A coffee shop that would last for another hundred years” is the concept. Ogawa Coffee, a long-established coffee roastery, renovated a Kyo-machiya townhouse to make its Sakaimachi Nishiki Shop.

Japanese / English

Ogawa Coffee Sakaimachi Nishiki Shop newly opened in February 2022. It serves excellent coffee and food from early in the morning in a renovated Kyo-machiya townhouse with a modern atmosphere, and gains a good reputation. Why did Ogawa Coffee, which had been loved by the locals in Kyoto, choose a Kyo-machiya for its new shop? Mr. Katsuto Ichimura, a shop manager, explained us the reasons.


Ogawa Coffee Sakai Nishiki Shop
Opened in February 2022. Based on a concept of making a new shop that would last for another hundred years, Ogawa Coffee, the long-established coffee roastery, revitalized a Kyo-machiya townhouse which was located close to the place where the roastery originally started its business. In the historic atmosphere, flannel drip coffee and special food made with Kyoto local ingredients are served.

Encounter with an over a hundred years old Kyo-machiya townhouse close to the Roastery’s place of the origin

Founded in Kyoto, Ogawa Coffee has a history of 70 years. The roastery is very popular, having its shops in Kyoto, Tokyo, and Boston. Among them, Sakaimachi Nishiki Shop is the most special one due to its shop concept that aims to connect to the future after a hundred years.

The Kyo-machiya stands stately, but its glass doors create a warm atmosphere.

Ogawa Coffee aimed to open a new shop for its 70th anniversary and looked for a place close to the place where the roastery was founded. They came across a Kyo-machiya townhouse, which would later become the Sakai Nishiki Shop. The story of the townhouse with over a hundred years’ history perfectly matched the roastery’s concept of “making a shop that would last for another a hundred years.” Moreover, its location made the roastery choose the townhouse for their new shop; for it was close to the Nishiki Market so called “Kyoto’s kitchen” where the locals gathered and the connections to the locals would be maintained. About two years later in February 2022, Ogawa Coffee Sakaimachi Nishiki Shop was opened.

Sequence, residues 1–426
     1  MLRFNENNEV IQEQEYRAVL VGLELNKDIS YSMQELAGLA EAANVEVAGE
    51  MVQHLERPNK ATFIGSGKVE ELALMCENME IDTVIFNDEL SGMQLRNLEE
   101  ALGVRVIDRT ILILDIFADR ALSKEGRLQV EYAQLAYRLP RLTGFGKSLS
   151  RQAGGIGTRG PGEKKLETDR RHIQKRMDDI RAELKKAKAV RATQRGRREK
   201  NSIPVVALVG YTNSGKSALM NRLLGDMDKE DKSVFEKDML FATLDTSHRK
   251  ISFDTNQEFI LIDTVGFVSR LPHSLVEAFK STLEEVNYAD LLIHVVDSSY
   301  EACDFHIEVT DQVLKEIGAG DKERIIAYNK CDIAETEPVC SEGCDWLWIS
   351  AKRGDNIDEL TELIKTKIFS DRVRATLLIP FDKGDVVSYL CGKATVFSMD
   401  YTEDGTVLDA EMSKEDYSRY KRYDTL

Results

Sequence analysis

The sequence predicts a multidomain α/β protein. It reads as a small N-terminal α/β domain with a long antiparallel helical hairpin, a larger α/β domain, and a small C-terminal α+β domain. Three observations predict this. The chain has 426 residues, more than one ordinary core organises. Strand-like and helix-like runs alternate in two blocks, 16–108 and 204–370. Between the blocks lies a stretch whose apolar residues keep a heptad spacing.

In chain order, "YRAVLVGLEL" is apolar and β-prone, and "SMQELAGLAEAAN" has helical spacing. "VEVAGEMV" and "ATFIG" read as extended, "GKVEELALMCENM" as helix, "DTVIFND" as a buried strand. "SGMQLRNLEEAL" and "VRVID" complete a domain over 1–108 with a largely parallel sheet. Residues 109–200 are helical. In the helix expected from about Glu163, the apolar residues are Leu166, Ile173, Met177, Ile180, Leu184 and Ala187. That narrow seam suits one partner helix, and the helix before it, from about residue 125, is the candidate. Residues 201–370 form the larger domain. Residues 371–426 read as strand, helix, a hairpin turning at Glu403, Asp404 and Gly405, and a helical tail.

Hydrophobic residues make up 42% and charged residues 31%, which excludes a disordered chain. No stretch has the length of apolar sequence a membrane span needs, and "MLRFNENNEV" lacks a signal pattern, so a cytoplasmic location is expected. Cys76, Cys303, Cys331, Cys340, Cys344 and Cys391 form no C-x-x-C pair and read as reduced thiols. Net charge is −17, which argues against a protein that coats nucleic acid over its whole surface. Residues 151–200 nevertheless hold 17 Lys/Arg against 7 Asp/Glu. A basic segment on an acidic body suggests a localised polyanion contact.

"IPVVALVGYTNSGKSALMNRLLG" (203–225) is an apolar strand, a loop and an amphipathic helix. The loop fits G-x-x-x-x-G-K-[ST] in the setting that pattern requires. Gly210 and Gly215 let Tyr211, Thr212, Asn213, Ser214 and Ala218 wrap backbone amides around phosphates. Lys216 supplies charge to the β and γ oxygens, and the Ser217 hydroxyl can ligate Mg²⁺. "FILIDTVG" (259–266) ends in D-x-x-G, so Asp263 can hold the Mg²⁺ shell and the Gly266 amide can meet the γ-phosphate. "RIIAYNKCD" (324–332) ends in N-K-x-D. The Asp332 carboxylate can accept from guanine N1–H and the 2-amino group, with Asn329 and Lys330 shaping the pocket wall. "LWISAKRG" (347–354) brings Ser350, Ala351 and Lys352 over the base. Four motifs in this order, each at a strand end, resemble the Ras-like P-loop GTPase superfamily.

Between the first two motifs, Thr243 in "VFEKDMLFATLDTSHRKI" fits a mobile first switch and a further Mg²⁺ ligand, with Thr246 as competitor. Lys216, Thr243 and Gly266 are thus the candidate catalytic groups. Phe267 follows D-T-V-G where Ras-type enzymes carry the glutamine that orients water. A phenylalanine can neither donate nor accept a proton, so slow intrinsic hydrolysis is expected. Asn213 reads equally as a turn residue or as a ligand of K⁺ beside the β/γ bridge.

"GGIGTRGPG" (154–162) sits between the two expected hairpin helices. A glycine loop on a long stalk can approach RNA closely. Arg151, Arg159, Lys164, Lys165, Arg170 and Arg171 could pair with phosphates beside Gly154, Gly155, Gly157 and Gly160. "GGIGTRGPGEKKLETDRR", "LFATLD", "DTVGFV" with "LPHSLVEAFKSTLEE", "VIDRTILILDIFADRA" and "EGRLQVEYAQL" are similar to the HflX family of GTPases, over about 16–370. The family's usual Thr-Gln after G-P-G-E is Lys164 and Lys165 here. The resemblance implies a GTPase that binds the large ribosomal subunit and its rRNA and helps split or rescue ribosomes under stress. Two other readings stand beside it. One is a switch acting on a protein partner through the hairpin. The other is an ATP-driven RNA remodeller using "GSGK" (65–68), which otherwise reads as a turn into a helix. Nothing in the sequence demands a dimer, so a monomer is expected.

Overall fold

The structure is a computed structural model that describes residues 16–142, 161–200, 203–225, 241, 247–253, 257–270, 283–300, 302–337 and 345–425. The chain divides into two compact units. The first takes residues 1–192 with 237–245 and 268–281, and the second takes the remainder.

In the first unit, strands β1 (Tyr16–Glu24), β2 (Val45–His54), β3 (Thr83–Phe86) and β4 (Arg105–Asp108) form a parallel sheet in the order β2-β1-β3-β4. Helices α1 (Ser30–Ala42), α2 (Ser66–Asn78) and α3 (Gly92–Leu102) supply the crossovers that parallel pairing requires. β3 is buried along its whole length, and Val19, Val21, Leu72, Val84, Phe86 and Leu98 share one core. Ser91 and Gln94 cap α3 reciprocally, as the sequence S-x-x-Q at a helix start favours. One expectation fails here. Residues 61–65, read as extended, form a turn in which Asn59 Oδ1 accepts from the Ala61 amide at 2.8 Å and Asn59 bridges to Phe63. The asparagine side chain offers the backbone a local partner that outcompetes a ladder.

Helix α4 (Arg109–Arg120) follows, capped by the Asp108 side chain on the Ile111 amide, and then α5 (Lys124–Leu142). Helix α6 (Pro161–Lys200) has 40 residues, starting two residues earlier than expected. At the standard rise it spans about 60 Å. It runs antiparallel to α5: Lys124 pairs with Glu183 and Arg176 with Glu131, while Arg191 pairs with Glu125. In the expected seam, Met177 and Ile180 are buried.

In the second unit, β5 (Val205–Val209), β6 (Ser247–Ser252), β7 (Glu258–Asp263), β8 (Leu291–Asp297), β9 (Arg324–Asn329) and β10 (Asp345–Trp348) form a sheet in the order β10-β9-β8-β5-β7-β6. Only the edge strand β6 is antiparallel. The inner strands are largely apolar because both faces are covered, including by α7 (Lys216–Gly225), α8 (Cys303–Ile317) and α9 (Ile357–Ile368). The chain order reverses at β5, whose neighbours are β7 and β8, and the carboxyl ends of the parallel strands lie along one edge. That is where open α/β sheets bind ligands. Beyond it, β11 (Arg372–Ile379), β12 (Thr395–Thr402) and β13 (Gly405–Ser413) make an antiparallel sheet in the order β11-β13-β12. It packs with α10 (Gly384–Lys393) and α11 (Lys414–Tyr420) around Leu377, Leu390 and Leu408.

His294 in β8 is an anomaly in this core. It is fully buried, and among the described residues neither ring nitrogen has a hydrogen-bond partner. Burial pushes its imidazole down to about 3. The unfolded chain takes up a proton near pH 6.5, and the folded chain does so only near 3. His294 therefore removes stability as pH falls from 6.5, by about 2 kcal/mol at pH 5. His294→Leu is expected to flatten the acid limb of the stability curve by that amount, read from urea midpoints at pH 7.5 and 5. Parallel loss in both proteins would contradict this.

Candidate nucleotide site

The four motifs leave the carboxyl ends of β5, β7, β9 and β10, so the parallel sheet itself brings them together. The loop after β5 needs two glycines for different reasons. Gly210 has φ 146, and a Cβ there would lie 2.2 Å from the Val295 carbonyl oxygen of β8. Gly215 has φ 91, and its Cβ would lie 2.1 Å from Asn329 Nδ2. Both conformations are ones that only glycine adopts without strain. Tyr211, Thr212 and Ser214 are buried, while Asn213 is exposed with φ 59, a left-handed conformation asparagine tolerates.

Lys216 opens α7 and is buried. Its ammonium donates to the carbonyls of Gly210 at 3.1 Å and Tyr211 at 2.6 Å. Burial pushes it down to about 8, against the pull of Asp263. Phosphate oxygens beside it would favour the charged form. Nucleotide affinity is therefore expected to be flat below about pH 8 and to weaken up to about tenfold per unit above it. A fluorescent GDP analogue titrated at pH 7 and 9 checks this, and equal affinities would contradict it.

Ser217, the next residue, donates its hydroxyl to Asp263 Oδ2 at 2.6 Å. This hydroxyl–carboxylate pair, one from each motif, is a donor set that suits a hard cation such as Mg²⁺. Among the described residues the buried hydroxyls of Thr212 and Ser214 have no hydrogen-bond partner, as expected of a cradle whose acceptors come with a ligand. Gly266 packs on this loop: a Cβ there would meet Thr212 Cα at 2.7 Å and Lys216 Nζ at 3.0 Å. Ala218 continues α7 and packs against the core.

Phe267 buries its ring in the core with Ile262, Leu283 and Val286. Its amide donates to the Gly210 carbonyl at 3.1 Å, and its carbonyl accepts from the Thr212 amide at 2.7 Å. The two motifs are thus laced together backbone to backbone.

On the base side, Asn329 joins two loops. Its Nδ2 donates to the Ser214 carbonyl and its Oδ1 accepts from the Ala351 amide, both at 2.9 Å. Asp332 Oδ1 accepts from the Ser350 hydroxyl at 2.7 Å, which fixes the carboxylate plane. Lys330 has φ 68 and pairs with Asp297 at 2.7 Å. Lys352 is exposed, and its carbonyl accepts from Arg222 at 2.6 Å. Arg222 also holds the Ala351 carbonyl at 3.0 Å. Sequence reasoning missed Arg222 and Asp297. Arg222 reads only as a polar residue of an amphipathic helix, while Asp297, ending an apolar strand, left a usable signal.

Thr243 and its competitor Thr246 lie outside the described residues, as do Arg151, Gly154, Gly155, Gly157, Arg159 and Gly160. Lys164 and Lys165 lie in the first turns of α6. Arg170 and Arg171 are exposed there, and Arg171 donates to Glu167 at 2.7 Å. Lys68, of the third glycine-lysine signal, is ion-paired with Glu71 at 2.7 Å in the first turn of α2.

Making the most of a Kyo-machiya townhouse to create a cozy atmosphere

Once you step inside, the warmth of the old townhouse and a modern atmosphere of the space welcome you. The interior of the shop is impressively open and spacious, taking advantage of a Kyo-machiya’s uniqueness such as a narrow at the entrance but long in depth.

Kyo-machiya is sometimes described as “Unagi-no-nedoko,” a bed for an eel, because of its unique features being built long and deep with a narrow frontage. The interior of the shop is designed, making the most of the features.

The openness is given to the space thanks to the entrance atrium and large windows with a view of a tsubo-niwa garden. It was difficult to create an atrium in the townhouse in terms of earthquake resistance, but Ogawa Cofee made several adjustments in the hope to create a comfortable space for their customers to get relaxed in their new shop. Finally, the ideal entrance was completed. The combination of the open atrium and the soft sunlight coming in through the large windows makes the space indescribably cozy.

A tsubo-niwa garden can be seen from the large windows. Sometimes little birds come and play in the garden.

Incidentally, the large stones laid in the tsubo-niwa garden are pumice stone and more than 30 kinds of plants native to Japan are planted. These plants that can grow naturally without any special care match the shop’s concept of looking a hundred years ahead.